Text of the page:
Over the two year sampling programme the overall infection prevalence of oligochaetes with actinosporeans was 2.9%. The infection prevalence was higher in the first year (3.3%) than the second year (2.3%). The infection prevalences of individual types were between 0.001% and 0.9%. Summer was the preferred season of spore release (4.1%), followed by autumn (2.9%) , spring (2.8%) and winter (1.6%), Some parasites such as Echinactinomyxon-typel released spores throughout the study period, whilst Synactinomyxon-type2 was recorded only in summer. There was also a positive relationship between the number of actinosporean types released and water temperature. A one year sampling programme also indicated that Sphaerospora truttae had two distinct life cycle phases, extrasporogonic and sporogonic, in the fish. Extrasporogonic stages were first detected at the beginning of July 1996 with a prevalence of 50% and were seen over an 8-10 week period. Sporogonic stages first became detectable in the kidney tubules at the beginning of September 1996. As well as sporogonic stages, many developing pseudoplasmodia were also observed at this time. Pseudoplasmodia were always present along with mature spores. The infection prevalence stayed above 80% throughout the period of infection.
Experimental infections showed that Echinactinomyxon-type5, was the alternate life cycle stage of S. truttae in the oligochaete Lumbriculus variegatus. The time taken from the exposure of Atlantic salmon to Echinactinomyxon-type5 spores to formation of mature Sphaerospora truttae spores was 4.5 months (138 days). However, infections of Atlantic salmon with presporogonic and immature spores of S. truttae were first seen at 3.5 months post-exposure (110 days). In addition to S. truttae, the life cycle of Chloromyxum truttae was also completed at 4.5 months (138 days) post – exposure at 12-16°C using Aurantiactinomyxon-type4 spores released from Tubifex tubifex.
Worms infected with Synactinomyxon-type 1, Aurantiactinomyxon-type I, Echinactinomyxon-type1 and type5, Raabeia-type4 and Neoactinomyxum-type showed inconsistent spore release patterns over five subsequent days at ambient temperatures. Up to 5000 spores an each day were released from infected worms with the exception of Echinactinomyxon-type5 which released up to 80,000 spores per day. Experimentally there was a positive relationship between the numbers of spores shed and water temperature. The spore release of worms infected with Synactinomyxon-type I, Aurantiactinomyxon-type 1, Echinactinomyxon-type I, Raabeia-type4 and Neoactinomyxum-type spores were also studied at 3 h intervals and showed that peak release occurred between 22.00 and 01.00 h.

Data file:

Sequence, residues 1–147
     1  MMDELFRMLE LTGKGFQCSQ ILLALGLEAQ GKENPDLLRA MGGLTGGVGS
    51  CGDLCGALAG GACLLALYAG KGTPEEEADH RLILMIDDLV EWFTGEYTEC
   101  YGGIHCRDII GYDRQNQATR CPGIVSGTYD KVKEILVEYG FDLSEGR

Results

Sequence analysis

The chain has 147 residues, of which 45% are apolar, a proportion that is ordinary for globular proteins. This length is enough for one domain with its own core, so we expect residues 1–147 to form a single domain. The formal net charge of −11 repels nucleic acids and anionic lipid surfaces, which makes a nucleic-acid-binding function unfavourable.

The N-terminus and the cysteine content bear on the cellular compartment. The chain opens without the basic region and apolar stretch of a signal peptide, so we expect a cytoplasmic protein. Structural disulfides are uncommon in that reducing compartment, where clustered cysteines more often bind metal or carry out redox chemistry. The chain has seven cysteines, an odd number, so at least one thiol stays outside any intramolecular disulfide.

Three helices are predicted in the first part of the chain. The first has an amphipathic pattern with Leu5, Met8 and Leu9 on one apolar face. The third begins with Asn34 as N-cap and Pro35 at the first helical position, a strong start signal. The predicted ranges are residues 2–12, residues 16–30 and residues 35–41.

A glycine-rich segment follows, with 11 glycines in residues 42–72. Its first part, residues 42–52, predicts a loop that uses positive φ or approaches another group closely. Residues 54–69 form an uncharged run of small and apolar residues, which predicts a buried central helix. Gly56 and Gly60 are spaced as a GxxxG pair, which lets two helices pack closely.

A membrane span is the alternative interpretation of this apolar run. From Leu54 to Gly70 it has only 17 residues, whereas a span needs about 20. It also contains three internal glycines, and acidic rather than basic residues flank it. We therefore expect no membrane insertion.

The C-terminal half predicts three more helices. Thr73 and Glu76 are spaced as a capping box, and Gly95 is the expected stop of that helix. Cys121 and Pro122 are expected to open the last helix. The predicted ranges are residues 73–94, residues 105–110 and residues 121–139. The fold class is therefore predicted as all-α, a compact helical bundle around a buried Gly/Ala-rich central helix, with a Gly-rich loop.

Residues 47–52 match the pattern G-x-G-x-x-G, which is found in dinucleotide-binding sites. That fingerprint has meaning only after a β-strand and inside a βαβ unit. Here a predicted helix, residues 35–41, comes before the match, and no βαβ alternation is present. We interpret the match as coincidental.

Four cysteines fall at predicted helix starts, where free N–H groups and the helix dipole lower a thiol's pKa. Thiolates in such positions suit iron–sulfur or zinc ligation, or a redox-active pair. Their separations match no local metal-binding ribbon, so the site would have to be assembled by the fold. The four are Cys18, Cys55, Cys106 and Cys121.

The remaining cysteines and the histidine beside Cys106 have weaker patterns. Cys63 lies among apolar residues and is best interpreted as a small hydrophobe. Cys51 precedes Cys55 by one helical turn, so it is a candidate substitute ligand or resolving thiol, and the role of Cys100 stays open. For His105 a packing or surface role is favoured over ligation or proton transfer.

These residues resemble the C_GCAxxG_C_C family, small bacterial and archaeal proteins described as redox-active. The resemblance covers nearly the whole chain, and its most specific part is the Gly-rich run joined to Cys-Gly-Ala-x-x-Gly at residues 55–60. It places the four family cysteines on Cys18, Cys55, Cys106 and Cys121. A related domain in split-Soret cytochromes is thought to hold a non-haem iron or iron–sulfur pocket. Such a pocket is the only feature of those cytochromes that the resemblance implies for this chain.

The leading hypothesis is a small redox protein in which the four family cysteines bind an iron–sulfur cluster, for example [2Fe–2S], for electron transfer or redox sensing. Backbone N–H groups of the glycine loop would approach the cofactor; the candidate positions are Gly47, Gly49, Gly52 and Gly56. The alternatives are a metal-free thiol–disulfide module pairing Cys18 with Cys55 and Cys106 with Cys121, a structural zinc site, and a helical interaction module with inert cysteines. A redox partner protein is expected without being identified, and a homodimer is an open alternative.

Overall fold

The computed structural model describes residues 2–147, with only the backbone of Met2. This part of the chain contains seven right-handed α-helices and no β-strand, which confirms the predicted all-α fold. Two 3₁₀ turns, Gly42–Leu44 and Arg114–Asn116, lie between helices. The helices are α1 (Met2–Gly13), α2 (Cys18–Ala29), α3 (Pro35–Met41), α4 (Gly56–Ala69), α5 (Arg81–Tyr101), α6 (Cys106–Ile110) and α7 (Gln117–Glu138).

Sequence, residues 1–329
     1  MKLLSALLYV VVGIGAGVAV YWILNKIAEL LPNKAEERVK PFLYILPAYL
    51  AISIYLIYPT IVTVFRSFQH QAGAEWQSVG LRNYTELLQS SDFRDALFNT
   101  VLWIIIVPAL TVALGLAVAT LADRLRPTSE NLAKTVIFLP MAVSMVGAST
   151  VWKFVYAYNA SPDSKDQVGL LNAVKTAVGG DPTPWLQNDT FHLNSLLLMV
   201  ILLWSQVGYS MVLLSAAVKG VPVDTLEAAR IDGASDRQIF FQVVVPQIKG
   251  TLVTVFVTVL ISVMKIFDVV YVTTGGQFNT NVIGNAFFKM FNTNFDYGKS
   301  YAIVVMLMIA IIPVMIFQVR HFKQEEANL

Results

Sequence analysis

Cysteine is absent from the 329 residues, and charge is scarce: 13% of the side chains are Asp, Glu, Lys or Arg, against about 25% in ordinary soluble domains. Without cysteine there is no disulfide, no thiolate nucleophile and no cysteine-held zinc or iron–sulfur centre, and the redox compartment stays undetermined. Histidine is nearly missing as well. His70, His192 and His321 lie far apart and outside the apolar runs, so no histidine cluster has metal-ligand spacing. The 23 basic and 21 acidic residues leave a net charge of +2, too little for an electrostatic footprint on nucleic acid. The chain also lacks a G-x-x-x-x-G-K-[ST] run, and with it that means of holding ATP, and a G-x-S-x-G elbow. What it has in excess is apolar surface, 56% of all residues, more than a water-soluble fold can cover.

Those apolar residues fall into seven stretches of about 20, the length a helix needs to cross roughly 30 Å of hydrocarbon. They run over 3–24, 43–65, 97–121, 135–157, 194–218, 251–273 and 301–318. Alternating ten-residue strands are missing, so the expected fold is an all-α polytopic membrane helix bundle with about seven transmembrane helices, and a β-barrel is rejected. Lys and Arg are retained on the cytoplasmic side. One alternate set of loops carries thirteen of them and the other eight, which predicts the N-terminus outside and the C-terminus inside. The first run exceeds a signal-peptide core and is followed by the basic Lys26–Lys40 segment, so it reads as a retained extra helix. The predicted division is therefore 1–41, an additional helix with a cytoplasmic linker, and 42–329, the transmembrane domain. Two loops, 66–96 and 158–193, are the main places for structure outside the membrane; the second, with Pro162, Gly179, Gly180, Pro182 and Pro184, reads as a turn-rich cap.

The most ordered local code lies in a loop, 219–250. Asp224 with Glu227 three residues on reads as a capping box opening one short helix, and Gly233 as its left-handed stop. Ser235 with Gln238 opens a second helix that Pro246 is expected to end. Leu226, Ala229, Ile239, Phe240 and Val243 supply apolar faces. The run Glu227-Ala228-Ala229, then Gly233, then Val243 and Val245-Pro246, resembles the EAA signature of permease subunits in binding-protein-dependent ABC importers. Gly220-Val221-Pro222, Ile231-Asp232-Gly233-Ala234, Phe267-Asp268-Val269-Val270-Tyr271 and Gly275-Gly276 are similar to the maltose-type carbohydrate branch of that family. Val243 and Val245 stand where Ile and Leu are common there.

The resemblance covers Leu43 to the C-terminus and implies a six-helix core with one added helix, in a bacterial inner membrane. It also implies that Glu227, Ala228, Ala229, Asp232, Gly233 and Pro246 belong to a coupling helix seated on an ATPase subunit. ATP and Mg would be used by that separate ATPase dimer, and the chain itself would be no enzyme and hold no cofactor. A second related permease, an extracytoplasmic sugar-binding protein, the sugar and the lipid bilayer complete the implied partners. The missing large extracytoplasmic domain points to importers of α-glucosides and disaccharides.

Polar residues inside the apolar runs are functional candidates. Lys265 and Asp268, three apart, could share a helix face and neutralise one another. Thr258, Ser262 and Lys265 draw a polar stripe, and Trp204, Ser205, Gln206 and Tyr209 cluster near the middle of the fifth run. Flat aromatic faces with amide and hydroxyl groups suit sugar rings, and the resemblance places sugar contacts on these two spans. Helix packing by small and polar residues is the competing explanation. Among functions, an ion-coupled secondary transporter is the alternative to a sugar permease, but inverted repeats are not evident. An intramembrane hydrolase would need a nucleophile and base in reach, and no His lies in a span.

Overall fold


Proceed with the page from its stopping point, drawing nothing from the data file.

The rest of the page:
Studies on the spore release patterns of Sphaerospora truttae myxospores from Atlantic salmon showed that mature spores were first released at the end of November, peaked around April and then decreased sharply. Number of mature spores present in the kidney of the fish showed a similar pattern of abundance.
Polar filaments of Echinactinomyxon-type I, Raabeia-type4 and Aurantiactinomyxon-type I spores discharged in response to mucus from Atlantic salmon, brown trout, 3-spined stickleback and common carp. However, the response to the mucus from each fish species was different. In each case majority of discharges occurred within the first 5 min of exposure to mucus although there were further discharges up to lh.
The viability of Synactinomyxon-type I, Echinactinomyxon-type I, Raabeia-type4, Aurantiactinomyxon-typel and Neoactinomyxum-type spores had a negative correlation with increasing temperature. In general, the spores remained viable for 6-7 days at 4°C,
4-5 days at 13°C and 4 days 22°C.